Page last updated at 14:23 GMT, Monday, 24 August 2009 15:23 UK

Iran 'will co-operate with IAEA'

Technicians at the Isfahan Uranium conversion facility plant (08/2005)
Iran maintains that the purpose of its nuclear programme is peaceful

Iran will continue to co-operate with the United Nations nuclear agency, a foreign ministry spokesman has said.

Hassan Qashqavi appeared to confirm reports last week that UN inspectors were allowed access to Iran's nearly complete nuclear reactor at Arak.

But Mr Qashqavi urged the West to seek "interaction" not sanctions in its dealings with Tehran, state TV reports.

Western nations fear Iran is pursuing nuclear weapons, but Tehran insists its nuclear work is for civilian purposes.

Western diplomats said on Friday that Iran had allowed inspectors from the International Atomic Energy Agency (IAEA) into its nuclear facility at Arak after a year without access.

Sanctions will not prevent us from pursuing our rights
Hassan Qashqavi
Iranian foreign ministry spokesman

They also said Iran had agreed on ways to improve monitoring at the Natanz nuclear enrichment plant.

The IAEA has not commented on the reports. The head of the IAEA, Mohammed ElBaradei, is due to publish his latest findings on Iran in the coming days.

"All our nuclear activities have been within the framework of the agency and the NPT (nuclear Non-Proliferation Treaty)... ElBaradei has always confirmed Iran's co-operation with the agency," Mr Qashqavi told reporters.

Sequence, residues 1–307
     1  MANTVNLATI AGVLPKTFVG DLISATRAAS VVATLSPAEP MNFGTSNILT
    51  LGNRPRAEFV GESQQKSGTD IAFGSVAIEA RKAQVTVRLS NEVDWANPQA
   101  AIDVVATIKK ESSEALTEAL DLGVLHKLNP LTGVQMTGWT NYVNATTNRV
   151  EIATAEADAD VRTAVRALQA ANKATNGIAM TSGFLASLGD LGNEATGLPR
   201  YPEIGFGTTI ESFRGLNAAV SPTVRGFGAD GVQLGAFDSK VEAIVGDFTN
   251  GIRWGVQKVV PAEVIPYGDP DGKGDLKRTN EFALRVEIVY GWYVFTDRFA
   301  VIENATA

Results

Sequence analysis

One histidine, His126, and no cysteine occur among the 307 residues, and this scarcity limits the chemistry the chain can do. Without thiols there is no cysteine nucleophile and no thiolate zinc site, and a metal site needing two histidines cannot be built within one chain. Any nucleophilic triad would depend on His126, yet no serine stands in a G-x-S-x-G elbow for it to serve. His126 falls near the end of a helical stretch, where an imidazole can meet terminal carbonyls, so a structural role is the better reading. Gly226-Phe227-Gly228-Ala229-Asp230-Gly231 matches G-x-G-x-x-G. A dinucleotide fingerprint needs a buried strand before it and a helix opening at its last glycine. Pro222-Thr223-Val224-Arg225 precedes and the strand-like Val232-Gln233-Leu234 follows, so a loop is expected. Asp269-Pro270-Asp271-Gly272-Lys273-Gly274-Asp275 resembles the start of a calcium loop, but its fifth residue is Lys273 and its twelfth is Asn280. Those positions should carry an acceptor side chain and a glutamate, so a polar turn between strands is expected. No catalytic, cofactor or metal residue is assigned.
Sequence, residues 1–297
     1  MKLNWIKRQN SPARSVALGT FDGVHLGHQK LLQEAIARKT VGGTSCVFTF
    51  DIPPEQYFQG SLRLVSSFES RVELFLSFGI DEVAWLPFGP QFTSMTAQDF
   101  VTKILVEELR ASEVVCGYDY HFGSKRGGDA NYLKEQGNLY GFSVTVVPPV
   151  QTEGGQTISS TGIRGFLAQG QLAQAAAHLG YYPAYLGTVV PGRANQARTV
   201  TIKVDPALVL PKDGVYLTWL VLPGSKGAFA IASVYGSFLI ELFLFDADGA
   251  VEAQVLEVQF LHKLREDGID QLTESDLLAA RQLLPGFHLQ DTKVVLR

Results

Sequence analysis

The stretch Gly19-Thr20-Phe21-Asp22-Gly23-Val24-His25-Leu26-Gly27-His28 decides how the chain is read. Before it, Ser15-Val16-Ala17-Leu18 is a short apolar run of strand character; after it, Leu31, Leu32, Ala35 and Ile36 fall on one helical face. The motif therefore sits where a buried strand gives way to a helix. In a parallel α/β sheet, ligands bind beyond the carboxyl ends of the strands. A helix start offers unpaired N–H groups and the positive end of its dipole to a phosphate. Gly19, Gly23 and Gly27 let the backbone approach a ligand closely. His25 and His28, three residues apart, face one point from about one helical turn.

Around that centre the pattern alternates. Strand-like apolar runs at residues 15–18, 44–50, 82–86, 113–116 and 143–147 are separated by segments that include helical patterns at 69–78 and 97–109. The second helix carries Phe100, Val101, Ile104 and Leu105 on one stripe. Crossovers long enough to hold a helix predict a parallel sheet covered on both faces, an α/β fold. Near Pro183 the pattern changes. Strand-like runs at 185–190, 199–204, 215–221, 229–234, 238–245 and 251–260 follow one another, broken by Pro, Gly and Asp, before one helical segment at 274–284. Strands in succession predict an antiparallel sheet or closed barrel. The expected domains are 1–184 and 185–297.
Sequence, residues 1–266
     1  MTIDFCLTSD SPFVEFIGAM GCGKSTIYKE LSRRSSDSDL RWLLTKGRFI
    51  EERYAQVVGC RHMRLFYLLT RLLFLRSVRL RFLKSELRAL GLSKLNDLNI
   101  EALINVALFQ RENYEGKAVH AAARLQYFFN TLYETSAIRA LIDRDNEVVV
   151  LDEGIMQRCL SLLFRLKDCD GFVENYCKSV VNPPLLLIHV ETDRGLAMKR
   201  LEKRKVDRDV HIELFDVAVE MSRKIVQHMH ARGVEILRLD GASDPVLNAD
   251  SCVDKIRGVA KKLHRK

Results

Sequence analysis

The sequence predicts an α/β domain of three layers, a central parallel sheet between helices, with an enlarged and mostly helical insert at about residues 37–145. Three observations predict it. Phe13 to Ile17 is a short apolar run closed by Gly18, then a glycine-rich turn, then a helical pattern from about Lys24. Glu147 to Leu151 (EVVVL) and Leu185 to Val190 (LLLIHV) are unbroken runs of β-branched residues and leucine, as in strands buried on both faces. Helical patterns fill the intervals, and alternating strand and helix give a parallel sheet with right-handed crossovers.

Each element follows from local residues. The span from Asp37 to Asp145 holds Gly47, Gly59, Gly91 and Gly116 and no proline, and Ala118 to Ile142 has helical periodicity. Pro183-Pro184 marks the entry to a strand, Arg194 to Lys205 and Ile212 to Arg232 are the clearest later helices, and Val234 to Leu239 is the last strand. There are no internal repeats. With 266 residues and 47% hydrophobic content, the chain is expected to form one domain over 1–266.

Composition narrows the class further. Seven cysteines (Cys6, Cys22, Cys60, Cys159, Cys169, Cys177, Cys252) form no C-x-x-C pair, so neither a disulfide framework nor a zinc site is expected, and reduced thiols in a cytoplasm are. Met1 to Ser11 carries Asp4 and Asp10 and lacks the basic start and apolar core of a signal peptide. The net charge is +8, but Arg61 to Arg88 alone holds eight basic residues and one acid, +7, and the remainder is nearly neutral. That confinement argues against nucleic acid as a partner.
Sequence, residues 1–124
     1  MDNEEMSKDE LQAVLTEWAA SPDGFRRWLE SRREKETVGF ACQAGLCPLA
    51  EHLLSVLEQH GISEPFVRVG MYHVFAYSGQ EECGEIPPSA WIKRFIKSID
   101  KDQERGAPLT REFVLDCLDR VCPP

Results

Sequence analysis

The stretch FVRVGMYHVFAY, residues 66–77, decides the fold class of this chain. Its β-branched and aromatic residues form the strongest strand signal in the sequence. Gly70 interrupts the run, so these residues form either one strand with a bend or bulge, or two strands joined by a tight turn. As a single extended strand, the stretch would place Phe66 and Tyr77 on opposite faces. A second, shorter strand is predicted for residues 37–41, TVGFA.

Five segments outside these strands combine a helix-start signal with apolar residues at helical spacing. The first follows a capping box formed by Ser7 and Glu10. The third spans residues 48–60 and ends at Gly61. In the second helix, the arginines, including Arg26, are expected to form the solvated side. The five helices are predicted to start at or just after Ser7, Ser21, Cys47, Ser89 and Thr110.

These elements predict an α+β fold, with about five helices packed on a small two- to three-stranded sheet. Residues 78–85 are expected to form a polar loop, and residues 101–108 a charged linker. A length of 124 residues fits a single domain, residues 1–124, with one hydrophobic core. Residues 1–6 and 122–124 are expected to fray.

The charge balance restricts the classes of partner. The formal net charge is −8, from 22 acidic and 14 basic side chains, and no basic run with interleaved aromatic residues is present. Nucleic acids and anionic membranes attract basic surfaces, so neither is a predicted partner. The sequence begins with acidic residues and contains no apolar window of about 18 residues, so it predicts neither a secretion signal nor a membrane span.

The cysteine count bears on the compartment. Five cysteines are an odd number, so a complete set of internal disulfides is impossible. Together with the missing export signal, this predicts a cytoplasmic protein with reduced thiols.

"This trend will be continued in the future. What has been mentioned recently was in the same framework," he added, in an apparent reference to the visit to Arak, some 190km (120 miles) south-west of Tehran.


But Mr Qashqavi also called on Western powers to "review their policy".

"Rather than countering Iran, they should interact with Iran," he said.

He also dismissed the threat of harsher sanctions.

"Past experience has shown that sanctions are futile. Sanctions will not prevent us from pursuing our legal rights," he said.

Tehran has continued to enrich uranium despite lengthy negotiations in recent years with major powers and despite the imposition of sanctions by the UN Security Council.

US President Barack Obama has urged Tehran to take part in six-party talks on trade and other benefits in exchange for shelving its nuclear programme.

The UN Security Council will discuss whether to impose further sanctions on Iran at a meeting in September.

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